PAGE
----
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JACOB FURTH 176 When the Veterans Administration abolished its regional organization, a better opportunity arose in 1949 to chair a department in one of its university- based hospitals. At the same time, however, Jacob received a cordial invitation from Alexander Hollaender to join the Biology Division of Oak Ridge National Laboratory. He accepted on the advice of Shields Warren, a statesman of U.S. science who at the time was head of the Atomic Energy Commission Biology Division, and thus ended a seventeen-year period of broad-based pathology to return once again to the laboratory. RADIATION BIOLOGY AT OAK RIDGE, 1950-54 Jacob had already contributed to radiation carcinogenesis with x-ray induction of leukemia in mice back in 1929, the induction of ovarian tumors as late radiation effects, and some attempts at Î³-ray therapy of experimental leukemia. Enthusiastically plunging into the newly developing area of radiation biology, Jacob greatly expanded his perceptions by taking a course in radiation physics. Aided and guided by members of the Biology Division, he entered a renewed surge of research accomplishment in a highly charged atmosphere, of the same type that had nourished and sustained him at Cornell. A unique experiment in which he took part at Oak Ridge was a massive study of radiation effects on mice, resulting from an experimental explosion of an atomic bomb (Operation Greenhouse). As Shields Warren wrote, Jacob was the recipient of large numbers of mice, survivors from a Pacific nuclear test, placed with various degrees of shielding along radii from the point of explosion. He had the foresight to follow these animals to the time of their natural death. As a result of these studies, much new information was developed about the late effects of radiation, about biological dosimetry, and about the similarity of certain radiation effects to those of aging. The meticulous care with which these animals were kept free of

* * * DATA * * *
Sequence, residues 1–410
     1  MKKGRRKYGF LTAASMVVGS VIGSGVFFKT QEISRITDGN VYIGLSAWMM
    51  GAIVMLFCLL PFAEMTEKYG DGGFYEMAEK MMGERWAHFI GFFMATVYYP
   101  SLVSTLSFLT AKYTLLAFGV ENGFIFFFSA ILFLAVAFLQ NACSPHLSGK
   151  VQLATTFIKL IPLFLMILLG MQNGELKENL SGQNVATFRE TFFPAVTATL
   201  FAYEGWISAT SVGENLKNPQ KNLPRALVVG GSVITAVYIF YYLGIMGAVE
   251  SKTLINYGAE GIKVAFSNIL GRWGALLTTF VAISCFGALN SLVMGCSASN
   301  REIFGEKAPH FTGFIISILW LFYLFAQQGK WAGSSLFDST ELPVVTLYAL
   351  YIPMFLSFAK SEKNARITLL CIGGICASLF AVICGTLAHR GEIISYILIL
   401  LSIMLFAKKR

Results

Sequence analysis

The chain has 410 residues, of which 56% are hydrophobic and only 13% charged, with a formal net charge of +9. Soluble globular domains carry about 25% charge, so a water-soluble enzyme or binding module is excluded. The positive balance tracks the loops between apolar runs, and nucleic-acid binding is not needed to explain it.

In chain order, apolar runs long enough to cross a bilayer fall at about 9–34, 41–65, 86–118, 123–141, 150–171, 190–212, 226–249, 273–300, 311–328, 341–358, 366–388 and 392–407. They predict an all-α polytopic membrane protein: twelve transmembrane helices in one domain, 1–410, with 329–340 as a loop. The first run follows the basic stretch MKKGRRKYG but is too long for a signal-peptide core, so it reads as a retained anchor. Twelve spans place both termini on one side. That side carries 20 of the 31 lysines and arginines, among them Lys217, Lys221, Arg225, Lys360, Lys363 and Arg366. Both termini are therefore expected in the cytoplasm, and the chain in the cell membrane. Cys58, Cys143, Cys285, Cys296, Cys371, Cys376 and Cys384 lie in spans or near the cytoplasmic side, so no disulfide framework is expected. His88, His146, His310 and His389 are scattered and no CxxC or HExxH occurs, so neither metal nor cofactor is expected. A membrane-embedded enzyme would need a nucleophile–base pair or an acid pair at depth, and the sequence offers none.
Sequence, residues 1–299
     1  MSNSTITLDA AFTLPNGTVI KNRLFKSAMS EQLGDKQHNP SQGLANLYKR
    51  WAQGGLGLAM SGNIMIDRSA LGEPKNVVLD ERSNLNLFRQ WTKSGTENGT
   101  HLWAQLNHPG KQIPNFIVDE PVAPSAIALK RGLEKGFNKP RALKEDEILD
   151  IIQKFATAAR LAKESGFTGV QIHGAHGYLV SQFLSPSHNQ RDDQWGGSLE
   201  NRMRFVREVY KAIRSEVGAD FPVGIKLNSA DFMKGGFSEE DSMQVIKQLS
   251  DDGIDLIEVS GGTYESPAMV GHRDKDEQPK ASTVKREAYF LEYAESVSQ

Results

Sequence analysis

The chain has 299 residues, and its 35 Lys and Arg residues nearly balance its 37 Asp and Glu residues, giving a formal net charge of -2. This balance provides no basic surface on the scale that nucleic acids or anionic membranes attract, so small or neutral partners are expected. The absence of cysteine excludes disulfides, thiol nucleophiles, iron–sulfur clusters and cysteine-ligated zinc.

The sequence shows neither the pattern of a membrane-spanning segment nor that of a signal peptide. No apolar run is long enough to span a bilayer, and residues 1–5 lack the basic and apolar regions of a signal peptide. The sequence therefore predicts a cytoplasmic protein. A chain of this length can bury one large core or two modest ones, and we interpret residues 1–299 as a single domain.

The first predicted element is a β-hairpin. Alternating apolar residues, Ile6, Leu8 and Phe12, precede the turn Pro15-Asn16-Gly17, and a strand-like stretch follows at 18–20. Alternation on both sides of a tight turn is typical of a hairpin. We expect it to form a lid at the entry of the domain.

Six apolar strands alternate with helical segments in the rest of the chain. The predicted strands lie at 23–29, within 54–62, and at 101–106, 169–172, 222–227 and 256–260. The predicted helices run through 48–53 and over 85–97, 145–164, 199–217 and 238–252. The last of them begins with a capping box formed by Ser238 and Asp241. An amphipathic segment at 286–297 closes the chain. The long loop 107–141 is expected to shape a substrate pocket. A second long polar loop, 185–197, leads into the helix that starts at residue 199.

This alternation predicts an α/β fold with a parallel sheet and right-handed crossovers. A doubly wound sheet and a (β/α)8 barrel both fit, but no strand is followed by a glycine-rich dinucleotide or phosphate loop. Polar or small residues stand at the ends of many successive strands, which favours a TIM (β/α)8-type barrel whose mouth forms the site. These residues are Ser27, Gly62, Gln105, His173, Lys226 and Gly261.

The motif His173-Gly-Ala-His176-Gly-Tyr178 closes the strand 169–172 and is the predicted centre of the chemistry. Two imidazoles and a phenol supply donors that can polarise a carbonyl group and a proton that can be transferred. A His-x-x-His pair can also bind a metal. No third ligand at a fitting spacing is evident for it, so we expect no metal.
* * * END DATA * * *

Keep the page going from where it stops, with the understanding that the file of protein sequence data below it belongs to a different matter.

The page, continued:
JACOB FURTH 177 epizootics and the painstaking observations on them, pre and postmortem, became a milestone in radiobiological research.2 The hitherto puzzling cause of the anemia associated with acute death from radiation occupied much of Jacob's attention during this period. This problem was solved by the discovery, with Storey, Wish, and others that erythrocytes enter the lymph ducts owing to radiation-induced destruction of platelets. Within minutes after platelet perfusion, the bloody lymph clears. With amusement Jacob described his difficulty in getting this important observation accepted by a prestigious journal.1 This work led to the effective use of platelet perfusion in platelet deficiency disorders. At Oak Ridge Jacob's senior associate was Arthur C. Upton. Among his various collaborations there, Jacob acknowledged that "in studies of radiation- induced leukemias of various types and the relative biological efficiency of diverse types of radiations, my senior associate, A. Upton, did a 'lion's share' of the work."1 This collaboration, extending long beyond Jacob's tenure at Oak Ridge, resulted in many publications on detailed mechanisms of radiation- induced carcinogenesis and influences thereon of hormonal manipulation. As Upton has stated, "His name has become legend here. His intensity, devotion to science and impatience with imperfection are recalled vividly by all who knew him. My admiration for J.F. and my debt to him as my mentor are boundless."2 This period was especially notable for the beginning of Jacob's perhaps most important contributionsâthe role of hormones in neoplasia, a field in which he subsequently devoted most of his scientific efforts. Endocrine tumors had been observed in Operation Greenhouse. It also had been observed by Gorbman that radiation from 131iodine